Name one place in your company’s NYC neighborhood (restaurant, cafe, etc) that you and your team just can’t live without.

Easy: Katz’s Deli. There is nothing else like it anywhere, and yet it’s quintessentially New York. It’s a little out of our neighborhood but worth the effort.

Learn more about my6sense here.

 

Powered by Guardian.co.ukThis article titled “‘A white mask worked better’: why algorithms are not colour blind” was written by Ian Tucker, for The Observer on Sunday 28th May 2017 12.27 UTC

Joy Buolamwini is a graduate researcher at the MIT Media Lab and founder of the Algorithmic Justice League – an organisation that aims to challenge the biases in decision-making software. She grew up in Mississippi, gained a Rhodes scholarship, and she is also a Fulbright fellow, an Astronaut scholar and a Google Anita Borg scholar. Earlier this year she won a $50,000 scholarship funded by the makers of the film Hidden Figures for her work fighting coded discrimination.

A lot of your work concerns facial recognition technology. How did you become interested in that area?
When I was a computer science undergraduate I was working on social robotics – the robots use computer vision to detect the humans they socialise with. I discovered I had a hard time being detected by the robot compared to lighter-skinned people. At the time I thought this was a one-off thing and that people would fix this.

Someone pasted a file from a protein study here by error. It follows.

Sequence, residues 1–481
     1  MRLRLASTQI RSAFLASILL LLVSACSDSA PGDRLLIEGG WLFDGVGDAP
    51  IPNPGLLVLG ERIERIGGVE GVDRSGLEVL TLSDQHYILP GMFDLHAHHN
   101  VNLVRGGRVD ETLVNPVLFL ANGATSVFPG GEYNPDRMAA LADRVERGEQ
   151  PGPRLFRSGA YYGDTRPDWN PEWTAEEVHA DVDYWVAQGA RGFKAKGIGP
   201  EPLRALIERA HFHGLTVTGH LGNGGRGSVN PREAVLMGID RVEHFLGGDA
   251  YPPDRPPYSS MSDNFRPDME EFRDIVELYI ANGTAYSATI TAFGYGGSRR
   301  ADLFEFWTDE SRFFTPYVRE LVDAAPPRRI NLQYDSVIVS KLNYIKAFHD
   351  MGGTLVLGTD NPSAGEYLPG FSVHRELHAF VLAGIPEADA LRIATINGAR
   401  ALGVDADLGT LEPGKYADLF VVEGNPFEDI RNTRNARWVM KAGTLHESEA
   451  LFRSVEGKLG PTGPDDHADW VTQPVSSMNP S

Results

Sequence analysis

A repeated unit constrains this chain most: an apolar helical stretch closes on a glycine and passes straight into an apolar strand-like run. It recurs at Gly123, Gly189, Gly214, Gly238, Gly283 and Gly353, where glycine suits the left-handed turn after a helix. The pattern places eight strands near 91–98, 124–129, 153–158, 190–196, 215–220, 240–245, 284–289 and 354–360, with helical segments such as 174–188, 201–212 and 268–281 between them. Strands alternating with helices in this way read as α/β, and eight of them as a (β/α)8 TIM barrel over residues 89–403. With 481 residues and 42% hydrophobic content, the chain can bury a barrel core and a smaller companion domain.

Later I was in Hong Kong for an entrepreneur event where I tried out another social robot and ran into similar problems. I asked about the code that they used and it turned out we’d used the same open-source code for face detection – this is where I started to get a sense that unconscious bias might feed into the technology that we create. But again I assumed people would fix this.

So I was very surprised to come to the Media Lab about half a decade later as a graduate student, and run into the same problem. I found wearing a white mask worked better than using my actual face.

This is when I thought, you’ve known about this for some time, maybe it’s time to speak up.

How does this problem come about?
Within the facial recognition community you have benchmark data sets which are meant to show the performance of various algorithms so you can compare them. There is an assumption that if you do well on the benchmarks then you’re doing well overall. But we haven’t questioned the representativeness of the benchmarks, so if we do well on that benchmark we give ourselves a false notion of progress.

Joy Buolamwini at TED in November 2016.

It seems incredible that the people putting together these benchmarks don’t realise how undiverse they are.